Wednesday, 10 November 2010

You can love a place and not want to go back to it (writers please note)

A while ago I read Stuart Maconie's excellent travel book on his tour around Middle England, called Adventures on the High Teas. Towards the end he reflects on the places he has been, and admits with candour that much though he loves the north of England, where he was born, he actually would prefer to live in one of these lovely southern towns.

I can't agree more. I deeply love Rochdale, the town near Manchester where I was born and brought up (now probably best known as the home of Waterloo Road, but also the birthplace of the Co-operative movement, Gracie Fields and more). It really gives me a lump in my throat when I go back. But if I'm honest I do prefer living in southern parts. It's partly the weather, but there's something else that Maconie puts across so well, a different feel, I suppose you could call it. It's not the natives are more friendly - they aren't. But there is something about the places that makes them nicer to live in.

It may be a cliché, but you really can't go back when you have changed. Not successfully. Once you've moved away and lived elsewhere it doesn't work. I really feel there's a lesson here for fiction writers. Please don't keep writing the same book, over and over again.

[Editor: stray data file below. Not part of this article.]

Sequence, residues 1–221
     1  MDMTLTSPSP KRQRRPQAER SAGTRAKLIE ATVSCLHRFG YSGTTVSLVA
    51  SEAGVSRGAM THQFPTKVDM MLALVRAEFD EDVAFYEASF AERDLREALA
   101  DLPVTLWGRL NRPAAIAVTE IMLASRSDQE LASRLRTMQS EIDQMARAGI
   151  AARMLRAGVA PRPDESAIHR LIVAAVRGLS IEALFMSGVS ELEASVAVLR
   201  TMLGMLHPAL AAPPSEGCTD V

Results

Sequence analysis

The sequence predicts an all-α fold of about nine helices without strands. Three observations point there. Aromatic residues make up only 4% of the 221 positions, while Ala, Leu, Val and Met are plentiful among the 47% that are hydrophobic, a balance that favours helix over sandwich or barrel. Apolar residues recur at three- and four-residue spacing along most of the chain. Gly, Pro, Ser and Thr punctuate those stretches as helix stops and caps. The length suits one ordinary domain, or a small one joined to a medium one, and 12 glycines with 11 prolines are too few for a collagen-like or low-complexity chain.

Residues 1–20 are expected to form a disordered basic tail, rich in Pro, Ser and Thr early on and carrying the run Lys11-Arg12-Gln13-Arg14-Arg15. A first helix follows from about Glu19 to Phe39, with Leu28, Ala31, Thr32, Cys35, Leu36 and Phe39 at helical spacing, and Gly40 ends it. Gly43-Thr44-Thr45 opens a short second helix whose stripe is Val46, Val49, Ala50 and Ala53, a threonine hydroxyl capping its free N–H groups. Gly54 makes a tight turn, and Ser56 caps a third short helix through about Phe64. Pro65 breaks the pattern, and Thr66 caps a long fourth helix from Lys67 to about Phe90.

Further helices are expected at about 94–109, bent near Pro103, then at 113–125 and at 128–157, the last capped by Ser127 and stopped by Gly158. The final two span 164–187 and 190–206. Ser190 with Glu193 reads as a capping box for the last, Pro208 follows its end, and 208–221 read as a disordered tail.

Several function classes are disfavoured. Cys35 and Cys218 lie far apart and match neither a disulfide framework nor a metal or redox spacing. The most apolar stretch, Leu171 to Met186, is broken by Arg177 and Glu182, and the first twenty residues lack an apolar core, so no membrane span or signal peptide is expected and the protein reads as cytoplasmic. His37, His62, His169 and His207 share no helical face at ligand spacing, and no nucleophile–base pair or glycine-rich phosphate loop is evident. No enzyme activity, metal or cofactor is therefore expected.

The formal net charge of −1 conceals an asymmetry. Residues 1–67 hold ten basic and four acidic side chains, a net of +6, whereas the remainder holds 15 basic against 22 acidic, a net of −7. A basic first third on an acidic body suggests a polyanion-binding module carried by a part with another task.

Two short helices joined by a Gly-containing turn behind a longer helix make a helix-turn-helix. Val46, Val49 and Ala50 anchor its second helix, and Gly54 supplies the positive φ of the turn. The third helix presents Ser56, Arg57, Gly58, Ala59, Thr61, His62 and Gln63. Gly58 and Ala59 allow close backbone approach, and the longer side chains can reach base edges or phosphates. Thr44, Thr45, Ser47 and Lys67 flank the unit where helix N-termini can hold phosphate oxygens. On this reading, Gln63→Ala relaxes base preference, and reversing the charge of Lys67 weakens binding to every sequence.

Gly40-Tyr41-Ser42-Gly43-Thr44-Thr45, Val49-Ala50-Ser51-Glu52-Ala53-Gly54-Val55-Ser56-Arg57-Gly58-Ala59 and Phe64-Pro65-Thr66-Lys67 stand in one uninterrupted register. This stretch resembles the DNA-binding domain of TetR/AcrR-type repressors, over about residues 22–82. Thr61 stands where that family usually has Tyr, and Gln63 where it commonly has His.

You may think, but hold hard there! What about highly successful series? What about well-loved characters? This misses the point. I'm still me - but I can't go back for more than a visit (or at least I shouldn't). You can still have those same significant characters - you can have a story arc that covers several books - but there is something more fundamental, the equivalent of going back to live in the old home town. As your characters develop, so should the plot lines. All too often I feel I'm reading the same book again.

Move on - there's nothing more to see here.

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